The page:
Right to Reply on MusicTank's Bill Sticklers Will Be Prosecuted Newsletter, 01 April '10
01 Apr 2010
I was surprised to read the MusicTank editorial by Sam Shemtob and John Power yesterday – urging the UK music industry to play nicely with the crocodile. The crocodile, in this case, being the anti-copyright ideologues. Surely a more sophisticated political analysis is needed.
After more than decade of watching the self-styled “Copyfighters”, much of it from the vantage point of Silicon Valley itself – I can confirm that if you extend a hand of conciliation, they’ll gladly take an arm or a leg. Talk of “balance” here is merely a smokescreen. Liberal Democrat and Conservative peers have recently experienced this at first hand: they thought their ORG-friendly Amendments would be perceived as consumer friendly. They were vilified for being in the pocket of big business.
The campaigners “consumer” branding here is also a sleight of hand. The goal of these activists is not to temper legislation by making it consumer friendly, it is to ensure the gradual destruction of copyright online. The strategy is to resist any regulation intruding upon the last, untamed frontier of the technology utopian. This is a dogmatic movement, where any compromise with rights holders risks expulsion from the tribe. That’s why the answer is always going to be ‘No’.
The arguments made against the Digital Economy Bill by the Open Rights Group – apparently accepted without question by MusicTank – are fundamentally cowardly and dishonest. The ORG knew last year, as did everyone else familiar with the negotiations, that the ‘ultimate’ sanction of disconnection would not be one of Ofcom’s technical countermeasures. Yet they decided to pretend it would be – this was too useful as to the group as a donation-raising tactic. Similarly, and it’s disappointing to see Sam and John echo this, amendments limited the liability of public Wi-Fi providers. I could go on.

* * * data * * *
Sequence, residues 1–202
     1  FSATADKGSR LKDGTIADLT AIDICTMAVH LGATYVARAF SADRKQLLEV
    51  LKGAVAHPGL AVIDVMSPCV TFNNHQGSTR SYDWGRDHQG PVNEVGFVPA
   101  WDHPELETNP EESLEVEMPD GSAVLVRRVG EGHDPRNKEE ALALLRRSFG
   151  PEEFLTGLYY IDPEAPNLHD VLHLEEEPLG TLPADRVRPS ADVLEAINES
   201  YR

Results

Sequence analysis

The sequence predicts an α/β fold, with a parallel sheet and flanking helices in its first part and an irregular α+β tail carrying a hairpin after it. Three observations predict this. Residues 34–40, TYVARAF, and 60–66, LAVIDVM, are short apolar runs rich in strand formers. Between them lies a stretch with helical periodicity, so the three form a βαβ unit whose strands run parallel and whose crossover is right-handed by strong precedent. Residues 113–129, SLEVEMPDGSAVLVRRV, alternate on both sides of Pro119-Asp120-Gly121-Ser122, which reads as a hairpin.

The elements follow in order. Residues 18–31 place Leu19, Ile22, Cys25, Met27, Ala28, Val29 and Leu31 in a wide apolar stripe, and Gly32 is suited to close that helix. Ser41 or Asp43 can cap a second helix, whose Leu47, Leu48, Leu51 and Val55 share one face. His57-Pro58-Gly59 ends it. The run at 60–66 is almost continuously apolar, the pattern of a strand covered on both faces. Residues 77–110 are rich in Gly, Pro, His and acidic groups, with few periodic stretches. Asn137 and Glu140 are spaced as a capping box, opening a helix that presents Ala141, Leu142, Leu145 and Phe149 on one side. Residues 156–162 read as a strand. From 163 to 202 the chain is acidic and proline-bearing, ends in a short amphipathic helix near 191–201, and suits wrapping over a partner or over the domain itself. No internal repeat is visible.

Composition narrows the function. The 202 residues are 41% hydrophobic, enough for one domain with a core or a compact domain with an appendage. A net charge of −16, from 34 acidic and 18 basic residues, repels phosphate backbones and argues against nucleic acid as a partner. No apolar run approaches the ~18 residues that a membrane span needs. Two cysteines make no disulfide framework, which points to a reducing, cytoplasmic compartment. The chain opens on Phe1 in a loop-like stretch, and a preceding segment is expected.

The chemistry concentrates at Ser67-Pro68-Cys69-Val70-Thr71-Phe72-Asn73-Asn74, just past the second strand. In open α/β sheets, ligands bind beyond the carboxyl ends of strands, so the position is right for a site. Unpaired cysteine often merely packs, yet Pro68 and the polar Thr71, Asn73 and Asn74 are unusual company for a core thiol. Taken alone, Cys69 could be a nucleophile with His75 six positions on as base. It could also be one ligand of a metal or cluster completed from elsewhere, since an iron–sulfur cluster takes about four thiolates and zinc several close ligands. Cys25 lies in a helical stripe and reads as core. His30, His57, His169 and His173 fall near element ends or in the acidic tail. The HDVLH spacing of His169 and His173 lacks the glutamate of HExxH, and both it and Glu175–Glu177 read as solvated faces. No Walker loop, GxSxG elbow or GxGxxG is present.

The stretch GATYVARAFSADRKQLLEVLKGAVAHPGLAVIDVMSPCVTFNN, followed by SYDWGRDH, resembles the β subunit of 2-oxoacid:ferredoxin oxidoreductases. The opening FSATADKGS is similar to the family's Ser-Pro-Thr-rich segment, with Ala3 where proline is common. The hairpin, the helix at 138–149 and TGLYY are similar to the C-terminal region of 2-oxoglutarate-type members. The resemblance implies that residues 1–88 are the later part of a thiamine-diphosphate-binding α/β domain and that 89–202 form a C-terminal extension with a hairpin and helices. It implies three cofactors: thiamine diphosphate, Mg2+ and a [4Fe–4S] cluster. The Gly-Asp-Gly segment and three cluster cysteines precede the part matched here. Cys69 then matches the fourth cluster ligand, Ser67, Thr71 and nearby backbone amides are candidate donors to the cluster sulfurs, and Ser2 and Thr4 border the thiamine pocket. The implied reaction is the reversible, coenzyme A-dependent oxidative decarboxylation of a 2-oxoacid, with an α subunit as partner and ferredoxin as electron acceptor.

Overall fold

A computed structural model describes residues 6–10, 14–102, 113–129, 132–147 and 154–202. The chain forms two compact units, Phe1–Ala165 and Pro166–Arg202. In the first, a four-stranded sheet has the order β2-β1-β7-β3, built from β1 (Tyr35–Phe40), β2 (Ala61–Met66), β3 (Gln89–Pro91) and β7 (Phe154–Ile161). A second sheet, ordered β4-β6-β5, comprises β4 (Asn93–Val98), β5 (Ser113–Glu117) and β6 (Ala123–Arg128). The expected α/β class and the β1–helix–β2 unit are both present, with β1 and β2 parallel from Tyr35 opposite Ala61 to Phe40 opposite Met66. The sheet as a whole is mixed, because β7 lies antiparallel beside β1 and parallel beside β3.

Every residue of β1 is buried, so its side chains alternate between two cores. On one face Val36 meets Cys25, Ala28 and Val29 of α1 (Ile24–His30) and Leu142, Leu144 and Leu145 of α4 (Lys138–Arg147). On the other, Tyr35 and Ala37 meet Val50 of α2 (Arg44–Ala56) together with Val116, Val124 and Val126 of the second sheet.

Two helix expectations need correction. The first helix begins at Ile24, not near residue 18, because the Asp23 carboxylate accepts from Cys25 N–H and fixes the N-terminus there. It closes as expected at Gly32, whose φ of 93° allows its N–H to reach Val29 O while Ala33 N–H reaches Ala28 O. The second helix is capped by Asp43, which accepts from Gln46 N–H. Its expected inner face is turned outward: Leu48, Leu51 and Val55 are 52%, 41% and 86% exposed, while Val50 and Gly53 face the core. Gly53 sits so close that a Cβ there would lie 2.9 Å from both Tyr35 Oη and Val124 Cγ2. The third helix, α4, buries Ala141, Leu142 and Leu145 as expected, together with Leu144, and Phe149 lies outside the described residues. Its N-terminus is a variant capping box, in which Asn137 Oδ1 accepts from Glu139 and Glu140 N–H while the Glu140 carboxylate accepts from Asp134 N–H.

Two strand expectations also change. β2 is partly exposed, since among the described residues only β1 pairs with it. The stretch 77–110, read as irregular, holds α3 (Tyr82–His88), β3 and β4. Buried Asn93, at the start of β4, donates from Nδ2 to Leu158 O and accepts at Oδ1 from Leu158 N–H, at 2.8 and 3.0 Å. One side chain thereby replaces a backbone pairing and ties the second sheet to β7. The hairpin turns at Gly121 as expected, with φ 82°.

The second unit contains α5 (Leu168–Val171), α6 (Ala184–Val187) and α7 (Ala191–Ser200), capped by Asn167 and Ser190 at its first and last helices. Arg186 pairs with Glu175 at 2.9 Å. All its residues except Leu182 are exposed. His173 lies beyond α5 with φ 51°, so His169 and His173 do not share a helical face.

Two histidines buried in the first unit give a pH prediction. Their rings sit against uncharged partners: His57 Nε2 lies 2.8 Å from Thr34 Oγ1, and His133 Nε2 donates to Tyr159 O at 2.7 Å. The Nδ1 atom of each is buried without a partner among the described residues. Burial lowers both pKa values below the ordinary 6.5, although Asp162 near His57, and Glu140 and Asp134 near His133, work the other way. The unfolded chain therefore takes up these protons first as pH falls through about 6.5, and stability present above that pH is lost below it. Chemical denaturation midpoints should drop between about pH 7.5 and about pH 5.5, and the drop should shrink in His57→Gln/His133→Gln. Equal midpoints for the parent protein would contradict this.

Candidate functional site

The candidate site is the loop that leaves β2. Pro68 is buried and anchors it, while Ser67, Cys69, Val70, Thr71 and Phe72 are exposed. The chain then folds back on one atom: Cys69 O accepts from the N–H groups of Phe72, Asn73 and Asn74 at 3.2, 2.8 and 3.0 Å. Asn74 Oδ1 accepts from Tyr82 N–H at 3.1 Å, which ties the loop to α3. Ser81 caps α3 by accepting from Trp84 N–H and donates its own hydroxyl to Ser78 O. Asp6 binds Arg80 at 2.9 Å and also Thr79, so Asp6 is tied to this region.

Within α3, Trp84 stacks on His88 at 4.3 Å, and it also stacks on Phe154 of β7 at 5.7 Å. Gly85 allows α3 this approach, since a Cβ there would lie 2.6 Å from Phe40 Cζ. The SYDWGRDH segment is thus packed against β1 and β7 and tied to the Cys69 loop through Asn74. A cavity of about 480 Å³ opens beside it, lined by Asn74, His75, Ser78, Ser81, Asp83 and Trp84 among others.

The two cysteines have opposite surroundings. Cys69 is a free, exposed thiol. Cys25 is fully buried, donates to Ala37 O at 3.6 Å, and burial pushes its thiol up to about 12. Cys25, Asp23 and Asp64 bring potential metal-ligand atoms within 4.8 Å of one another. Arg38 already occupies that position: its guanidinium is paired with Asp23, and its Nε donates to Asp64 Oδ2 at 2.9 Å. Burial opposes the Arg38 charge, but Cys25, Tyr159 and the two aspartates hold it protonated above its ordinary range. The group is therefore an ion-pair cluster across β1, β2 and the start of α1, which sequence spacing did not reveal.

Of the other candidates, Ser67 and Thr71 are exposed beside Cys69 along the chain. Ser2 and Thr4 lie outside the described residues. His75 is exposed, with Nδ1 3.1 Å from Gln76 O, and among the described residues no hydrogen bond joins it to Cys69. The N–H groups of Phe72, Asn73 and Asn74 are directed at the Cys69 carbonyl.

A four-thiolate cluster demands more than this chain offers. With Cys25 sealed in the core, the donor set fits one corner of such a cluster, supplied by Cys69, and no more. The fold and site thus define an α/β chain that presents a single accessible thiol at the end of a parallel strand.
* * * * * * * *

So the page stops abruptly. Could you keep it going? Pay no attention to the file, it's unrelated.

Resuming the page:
But most dishonest of all is the claim that the measures haven’t been debated, and that a simple debate is all that is being asked. This is prompted by the sudden discovery by ORG campaigners of the Parliamentary mechanics, which means that a Commons debate would kill the entire Bill. Mission accomplished?
If we’re honest, there’s no great enthusiasm in the UK music industry for the Digital Economy Bill. I haven’t met anyone under the illusion that it brings immediate comfort to creators or music businesses. But nor is there much great antipathy to it, either. I attended ORG’s national demonstration, and in a city of 8 million, in one of the most sophisticated broadband markets in the world, it could barely muster 100 protesters. A decade ago, techies mustered more support to include Jedi religion in the 2001 census, than have registered discontent with the Bill.
The answer to this stalemate is not more laws, which pit the music industry into a permanent struggle against the real growth sector of Britain: its bureaucrats. Perpetual legal combat merely gives the anti-copyright lobby the oxygen a justification to stay alive. They need to feel persecuted more than the music business needs them. The answer, surely, is innovation in commerce. As Napoleon said of the English, we’re a nation of shopkeepers. We just seem to have forgotten how to run a shop.
(c) Andrew Orlowski, Editor-at-large The Register